Will Hydrogen Peroxide Harm Seeds?Faizan Khan
Gardening is a soothing hobby, which is booming worldwide in recent years. You can improve self-sufficiency and grow your own kitchen garden. According to a 2022 study, the Covid pandemic instilled a love for gardening in 18.3 million people.
It is very satisfying to watch life sprout from a tiny seed you nurtured from scratch. In these times of worldwide inflation, it is quite economical to grow your own fruits and vegetables. You can explore seed-starting eco pots if you are a beginner just starting out on your gardening journey.
Gardening is pretty simple but you require adequate environmental conditions according to the seed type. These include proper heat and lighting, the right container and soil type, and adequate water and sunlight.
During the growing phase, it is essential that you take the utmost care for maximum yield. One organic chemical used in the horticulture industry that can benefit your seeds immensely is hydrogen peroxide.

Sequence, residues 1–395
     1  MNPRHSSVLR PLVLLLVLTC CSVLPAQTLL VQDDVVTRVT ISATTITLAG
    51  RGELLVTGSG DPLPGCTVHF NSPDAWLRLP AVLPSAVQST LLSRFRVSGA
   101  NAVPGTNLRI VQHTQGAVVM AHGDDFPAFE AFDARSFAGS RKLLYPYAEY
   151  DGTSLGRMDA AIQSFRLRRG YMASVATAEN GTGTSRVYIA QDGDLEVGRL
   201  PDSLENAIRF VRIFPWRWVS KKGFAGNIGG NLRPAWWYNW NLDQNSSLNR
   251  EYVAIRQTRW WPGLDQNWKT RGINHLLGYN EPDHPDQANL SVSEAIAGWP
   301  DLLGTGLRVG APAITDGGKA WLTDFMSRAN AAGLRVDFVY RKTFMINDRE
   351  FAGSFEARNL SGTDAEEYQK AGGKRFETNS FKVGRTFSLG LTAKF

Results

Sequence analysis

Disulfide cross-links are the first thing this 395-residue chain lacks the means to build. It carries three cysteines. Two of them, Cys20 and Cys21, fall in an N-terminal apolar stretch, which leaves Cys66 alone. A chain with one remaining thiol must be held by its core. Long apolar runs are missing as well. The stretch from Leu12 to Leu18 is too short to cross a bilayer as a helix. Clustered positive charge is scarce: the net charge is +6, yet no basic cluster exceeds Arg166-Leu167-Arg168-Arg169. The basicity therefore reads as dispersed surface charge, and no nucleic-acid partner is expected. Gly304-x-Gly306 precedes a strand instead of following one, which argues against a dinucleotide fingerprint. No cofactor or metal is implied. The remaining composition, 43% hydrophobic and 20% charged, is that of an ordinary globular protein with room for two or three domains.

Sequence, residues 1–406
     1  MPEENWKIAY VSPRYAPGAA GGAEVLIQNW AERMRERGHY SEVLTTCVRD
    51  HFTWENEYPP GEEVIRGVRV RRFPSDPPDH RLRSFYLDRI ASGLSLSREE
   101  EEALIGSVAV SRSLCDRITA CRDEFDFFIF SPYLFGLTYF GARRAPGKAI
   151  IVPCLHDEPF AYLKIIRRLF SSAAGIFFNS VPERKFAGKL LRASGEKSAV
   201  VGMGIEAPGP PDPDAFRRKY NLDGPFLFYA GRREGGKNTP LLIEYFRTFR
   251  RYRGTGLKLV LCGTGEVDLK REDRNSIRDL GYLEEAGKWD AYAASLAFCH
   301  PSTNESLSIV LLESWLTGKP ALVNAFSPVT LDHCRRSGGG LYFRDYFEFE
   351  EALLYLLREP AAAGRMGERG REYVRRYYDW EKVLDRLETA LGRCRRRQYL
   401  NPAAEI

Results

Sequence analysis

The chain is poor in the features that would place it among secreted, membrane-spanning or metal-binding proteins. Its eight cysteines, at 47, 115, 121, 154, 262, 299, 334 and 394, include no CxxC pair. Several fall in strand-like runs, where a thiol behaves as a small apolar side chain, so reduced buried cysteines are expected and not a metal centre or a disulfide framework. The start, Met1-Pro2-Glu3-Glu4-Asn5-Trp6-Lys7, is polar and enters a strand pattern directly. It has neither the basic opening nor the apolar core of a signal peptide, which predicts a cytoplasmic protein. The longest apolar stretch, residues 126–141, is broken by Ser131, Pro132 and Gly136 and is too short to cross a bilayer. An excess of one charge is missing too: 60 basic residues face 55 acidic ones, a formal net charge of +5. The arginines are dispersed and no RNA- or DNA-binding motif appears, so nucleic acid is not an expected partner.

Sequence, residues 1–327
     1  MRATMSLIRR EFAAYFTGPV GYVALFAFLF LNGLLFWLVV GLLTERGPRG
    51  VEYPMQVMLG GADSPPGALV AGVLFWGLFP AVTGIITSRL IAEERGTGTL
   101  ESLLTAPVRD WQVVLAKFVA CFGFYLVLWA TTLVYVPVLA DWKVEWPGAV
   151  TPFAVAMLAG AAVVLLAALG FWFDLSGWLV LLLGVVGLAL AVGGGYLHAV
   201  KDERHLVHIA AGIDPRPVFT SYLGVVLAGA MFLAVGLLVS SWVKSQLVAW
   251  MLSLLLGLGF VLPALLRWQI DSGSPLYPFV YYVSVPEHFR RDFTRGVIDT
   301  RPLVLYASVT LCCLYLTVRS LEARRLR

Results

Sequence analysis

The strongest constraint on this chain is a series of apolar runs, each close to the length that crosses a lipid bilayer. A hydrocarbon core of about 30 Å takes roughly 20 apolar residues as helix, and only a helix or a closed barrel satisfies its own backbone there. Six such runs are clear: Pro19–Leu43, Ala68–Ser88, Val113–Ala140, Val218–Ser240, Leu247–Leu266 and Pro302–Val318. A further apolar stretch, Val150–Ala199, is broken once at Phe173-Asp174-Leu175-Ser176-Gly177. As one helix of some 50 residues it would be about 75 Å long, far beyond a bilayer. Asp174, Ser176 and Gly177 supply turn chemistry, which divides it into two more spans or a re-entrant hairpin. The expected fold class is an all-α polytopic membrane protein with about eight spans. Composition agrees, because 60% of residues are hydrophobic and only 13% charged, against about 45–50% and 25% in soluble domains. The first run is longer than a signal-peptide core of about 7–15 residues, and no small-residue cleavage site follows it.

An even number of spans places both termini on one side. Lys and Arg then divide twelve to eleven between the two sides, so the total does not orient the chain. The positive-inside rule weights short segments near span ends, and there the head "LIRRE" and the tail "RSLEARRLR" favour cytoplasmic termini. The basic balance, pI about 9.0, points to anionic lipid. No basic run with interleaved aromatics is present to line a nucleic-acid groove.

So, read on and discover if hydrogen peroxide will harm seeds, or if will it help you grow them better!
What Does Hydrogen Peroxide do to Seeds?
Using hydrogen peroxide is controversial in terms of whether it is beneficial or harmful to seeds. Yet, most studies have demonstrated that seeds show a significant increase in harvest after the exogenous application of hydrogen peroxide.
Hydrogen peroxide penetrates the seed layers and breaks down the hard outer covering of the seed. This kills any microbes present. It also encourages better oxygen absorption by the seed. This will nourish them and aid in sprouting more effectively, as it increases germination speed.
Will Hydrogen Peroxide Harm Seeds?
Generally, hydrogen peroxide is an ideal catalyst for growing seeds. However, you have to ensure to use a lower concentration. Higher strengths increase the acidity level which affects the seeds. This makes them grow slower.
Any soil with higher acid content will have lower availability of plant nutrients, such as phosphorus and molybdenum. Instead, it increases the availability of some elements at toxic levels such as manganese and aluminum.
When you soak your seeds in hydrogen peroxide solution which has been properly diluted, this outer seed coat softens. This allows the seed to absorb more oxygen. Moreover, it boosts the healing process and effectively eliminates pathogens and any fungal growth on the skin.